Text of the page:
The aftermath of floods in Kerala has been as tumultuous as the floods itself

The devastating floods in Kerala has shaken and stirred the country in an unprecedented manner. Nature’s fury, tragic scenes, political wrangling, communal rhetoric, diverse India uniting and a dash of comedy have ensued in the past fortnight. It all started when the Home Minister of India made a quick visit to Kerala and announced a immediate relief fund of Rs. 100 crores. Problem was, Kerala Govt. had asked for more than Rs. 1000 crores. Then the PM wanted to do an aerial survey and assessment of the affected areas with his team. Problem was, thousands of people were stranded in the floods in inaccessible areas where only helicopters could reach them. For rescue, military personnel deployed were only in hundreds. All state TV channels were impressively covering flood affected areas to the best they could. Politicians and government officials in the name of aerial survey were using helicopters that could have been used to rescue people. Moreover their aerial survey was inhibiting the rescue operations. They should have simply stayed at home and watched TV.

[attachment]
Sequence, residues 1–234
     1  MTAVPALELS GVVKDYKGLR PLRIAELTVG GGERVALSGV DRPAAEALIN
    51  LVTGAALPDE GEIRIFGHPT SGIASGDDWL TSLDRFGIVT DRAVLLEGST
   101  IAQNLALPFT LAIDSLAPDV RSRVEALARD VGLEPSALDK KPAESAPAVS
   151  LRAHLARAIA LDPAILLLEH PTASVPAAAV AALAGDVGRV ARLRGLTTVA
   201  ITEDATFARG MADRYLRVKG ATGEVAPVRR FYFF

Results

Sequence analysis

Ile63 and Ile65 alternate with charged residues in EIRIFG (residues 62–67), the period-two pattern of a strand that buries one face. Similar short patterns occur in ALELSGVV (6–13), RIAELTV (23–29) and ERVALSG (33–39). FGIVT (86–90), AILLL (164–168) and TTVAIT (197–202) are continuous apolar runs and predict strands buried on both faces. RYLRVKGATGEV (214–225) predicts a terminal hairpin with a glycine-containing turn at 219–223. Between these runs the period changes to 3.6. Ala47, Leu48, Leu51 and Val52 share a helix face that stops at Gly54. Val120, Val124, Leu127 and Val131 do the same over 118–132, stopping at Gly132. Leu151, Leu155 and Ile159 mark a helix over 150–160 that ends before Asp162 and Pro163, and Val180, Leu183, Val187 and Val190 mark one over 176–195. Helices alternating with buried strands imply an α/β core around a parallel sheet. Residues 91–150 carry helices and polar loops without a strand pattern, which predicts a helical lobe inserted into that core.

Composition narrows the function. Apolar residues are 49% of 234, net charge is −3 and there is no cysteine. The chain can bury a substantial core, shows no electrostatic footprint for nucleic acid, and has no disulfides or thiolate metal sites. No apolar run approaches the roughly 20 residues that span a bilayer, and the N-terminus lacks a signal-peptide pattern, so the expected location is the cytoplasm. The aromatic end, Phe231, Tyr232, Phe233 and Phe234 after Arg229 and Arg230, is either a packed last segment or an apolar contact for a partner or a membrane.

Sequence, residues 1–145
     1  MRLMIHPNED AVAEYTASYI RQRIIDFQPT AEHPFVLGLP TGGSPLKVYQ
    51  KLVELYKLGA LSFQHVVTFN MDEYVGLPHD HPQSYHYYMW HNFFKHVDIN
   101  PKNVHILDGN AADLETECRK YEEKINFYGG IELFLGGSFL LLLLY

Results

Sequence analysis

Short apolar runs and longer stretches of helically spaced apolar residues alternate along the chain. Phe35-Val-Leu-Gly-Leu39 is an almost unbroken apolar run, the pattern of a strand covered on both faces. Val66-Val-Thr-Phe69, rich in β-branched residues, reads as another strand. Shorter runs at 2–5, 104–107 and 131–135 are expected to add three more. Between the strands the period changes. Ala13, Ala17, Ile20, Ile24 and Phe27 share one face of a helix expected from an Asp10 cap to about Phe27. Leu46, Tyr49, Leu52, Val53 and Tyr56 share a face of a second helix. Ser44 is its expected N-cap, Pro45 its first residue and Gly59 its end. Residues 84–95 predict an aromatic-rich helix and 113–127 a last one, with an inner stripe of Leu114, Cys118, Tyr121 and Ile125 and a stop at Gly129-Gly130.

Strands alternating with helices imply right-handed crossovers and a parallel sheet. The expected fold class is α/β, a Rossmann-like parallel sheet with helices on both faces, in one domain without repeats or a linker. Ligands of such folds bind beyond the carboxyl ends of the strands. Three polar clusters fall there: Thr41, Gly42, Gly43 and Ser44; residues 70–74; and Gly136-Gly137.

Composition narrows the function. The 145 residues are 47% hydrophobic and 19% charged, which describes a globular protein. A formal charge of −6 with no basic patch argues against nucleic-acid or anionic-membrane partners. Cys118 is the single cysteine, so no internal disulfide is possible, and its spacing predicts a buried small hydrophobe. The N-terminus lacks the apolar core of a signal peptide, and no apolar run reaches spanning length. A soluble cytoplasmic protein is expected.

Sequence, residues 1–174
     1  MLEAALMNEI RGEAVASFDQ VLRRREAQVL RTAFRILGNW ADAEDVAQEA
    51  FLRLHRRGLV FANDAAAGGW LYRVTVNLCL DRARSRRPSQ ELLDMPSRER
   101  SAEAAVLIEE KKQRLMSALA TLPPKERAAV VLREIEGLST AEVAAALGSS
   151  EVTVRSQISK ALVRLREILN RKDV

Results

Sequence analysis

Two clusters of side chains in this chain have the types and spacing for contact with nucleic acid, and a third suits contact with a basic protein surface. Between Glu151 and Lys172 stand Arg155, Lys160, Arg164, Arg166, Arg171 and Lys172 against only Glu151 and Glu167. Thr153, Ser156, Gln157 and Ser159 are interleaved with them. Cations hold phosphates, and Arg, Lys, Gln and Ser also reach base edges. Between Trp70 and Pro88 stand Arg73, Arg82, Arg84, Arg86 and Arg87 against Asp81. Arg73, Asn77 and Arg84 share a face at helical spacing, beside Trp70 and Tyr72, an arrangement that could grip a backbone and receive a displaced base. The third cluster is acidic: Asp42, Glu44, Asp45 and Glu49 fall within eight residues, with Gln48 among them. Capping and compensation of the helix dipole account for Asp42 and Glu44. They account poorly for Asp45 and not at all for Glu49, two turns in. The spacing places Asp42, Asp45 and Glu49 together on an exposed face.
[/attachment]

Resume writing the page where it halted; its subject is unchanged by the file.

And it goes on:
Then the Central govt. announced a flood relief package of Rs. 600 crores. The simmering social media erupted. A Govt. that has thousands of crores to give as loans to other countries and for building statues did not have enough money for saving it’s own people’s lives. The reasons were quite evident. The communally harmonious society of Kerala has never allowed BJP to plant it’s roots in the land even though RSS has been actively trying to find some ground. The frequent clashes between RSS and Communist cadres is the clear testimony of that. RSS has even gone to the extent of eliminating it’s own people for defaming the Communists as has been found out from police investigations in some of the cases. The Left parties won the last assembly elections and are in governance of the state now. Moreover Keralites have unanimously rejected any ban on eating beef. The Central govt. has been at loggerheads with the state govt and the Kerala society as a whole which got clearly reflected in the callous approach of the Central govt. towards the time of crisis.